The Indian Space Research Organisation or ISRO, days after its successful Chandrayaan-3 Moon mission, will aim for the Sun on Saturday with its maiden solar expedition, as the space agency’s trusted PSLV will carry the Aditya-L1 mission on a 125-day voyage.
On Friday, the ISRO announced that the countdown for the launch of Aditya L1 onboard PSLV C57 began at Andhra Pradesh’s Sriharikota, which houses the Satish Dhawan Space Centre.
Top updates on ISRO’s Aditya L1 solar mission:
1. The Sun observatory mission Aditya-L1 (Aditya in Sanskrit means the Sun) will be fired from the second launch pad at Satish Dhawan Space Centre at 11.50am on Saturday, less than two weeks after the Chandrayaan-3’s Vikram lander soft landed on the south pole of the Moon.
2. ISRO chairman S Somanath said the Sun mission will take 125 days to reach the exact radius. Aditya-L1 is designed to provide remote observations of the solar corona and conduct in-situ observations of the solar wind at L1 (Sun-Earth Lagrangian point), which is about 1.5 million kilometres from the Earth.
3. According to the ISRO, there are five Lagrangian points between the Sun and the Earth, and the L1 point in the Halo orbit would provide a greater advantage of continuously viewing the Sun without any occurrence of an eclipse. For common understanding, L1 is a location in space where the gravitational forces of two celestial bodies, such as the Sun and Earth, are in equilibrium. This allows an object placed there to remain relatively stable with respect to both celestial bodies.
4. Following its scheduled launch on September 2, Aditya-L1 stays Earth-bound orbits for 16 days, during which it undergoes five manoeuvres to gain the necessary velocity for its journey.
5. Subsequently, Aditya-L1 undergoes a trans-Lagrangian1 insertion manoeuvre, marking the beginning of its 110-day trajectory to the destination around the L1 Lagrange point.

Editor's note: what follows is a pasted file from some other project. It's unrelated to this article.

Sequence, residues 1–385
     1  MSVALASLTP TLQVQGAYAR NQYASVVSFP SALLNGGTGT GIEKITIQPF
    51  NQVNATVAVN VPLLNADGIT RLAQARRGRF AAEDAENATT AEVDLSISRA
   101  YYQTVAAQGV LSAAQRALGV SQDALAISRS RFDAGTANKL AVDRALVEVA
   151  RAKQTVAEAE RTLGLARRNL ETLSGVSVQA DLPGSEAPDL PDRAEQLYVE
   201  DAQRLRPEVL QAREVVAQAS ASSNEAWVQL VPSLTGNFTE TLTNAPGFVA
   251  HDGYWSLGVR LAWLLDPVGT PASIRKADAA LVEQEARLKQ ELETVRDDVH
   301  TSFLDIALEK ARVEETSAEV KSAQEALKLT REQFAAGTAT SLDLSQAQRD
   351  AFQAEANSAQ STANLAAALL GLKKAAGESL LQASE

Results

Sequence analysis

The 23-hour 40-minute countdown leading to the launch at 11:50 Hrs. IST on September 2, 2023, has commended today at 12:10 Hrs.
— ISRO (@isro) September 1, 2023
6. Upon arrival at the L1 point, another manoeuvre binds Aditya-L1 to an orbit around L1, a balanced gravitational location between the Earth and the Sun. The satellite spends its whole mission life orbiting around L1 in an irregularly shaped orbit in a plane roughly perpendicular to the line joining the Earth and the Sun.
7. On embarking on such a complex mission, the Bengaluru headquartered space agency said the Sun is the nearest star and, therefore, can be studied in much more detail as compared to the others. By studying the Sun much more about could be learnt about stars in the Milky Way as well as in various other galaxies, the ISRO said.
8. The primary payload of Aditya-L1 the Visible Emission Line Coronagraph would be sending 1,440 images per day to the ground station for analysis on reaching the intended orbit. VELC, “the largest and technically most challenging” payload on Aditya-L1, was integrated, tested, and calibrated at the Indian Institute of Astrophysics CREST (Centre for Research and Education in Science Technology), campus in Hoskote near Bengaluru with substantial collaboration with ISRO.
9. The objectives of the mission include understanding the solar atmosphere, solar wind distribution, and temperature anisotropy, among others.
10. On Friday, S Somanath offered prayers at Chengalamma Parameshwari Temple in Tirupati district, ahead of the launch of Aditya-L1 mission. He had visited the temple ahead of the Chandrayaan-3 mission too.
FAQs for Aditya-L1 mission
What is Aditya-L1?
Aditya-L1 is a satellite dedicated to the comprehensive study of the Sun.
When Aditya-L1 will land?
It will not land but will be in a halo orbit around Lagrange Point 1.
How will Aditya-L1 land on Sun?
Aditya-L1 will stay approximately 1.5 million km away from Earth, directed towards the Sun, which is about 1% of the Earth-Sun distance.
How will Aditya-L1 work?
The ISRO said Aditya-L1 will be placed in a Low Earth Orbit. Subsequently, the orbit will be made more elliptical and later the spacecraft will be launched towards the Lagrange Point or L1 by using onboard propulsion.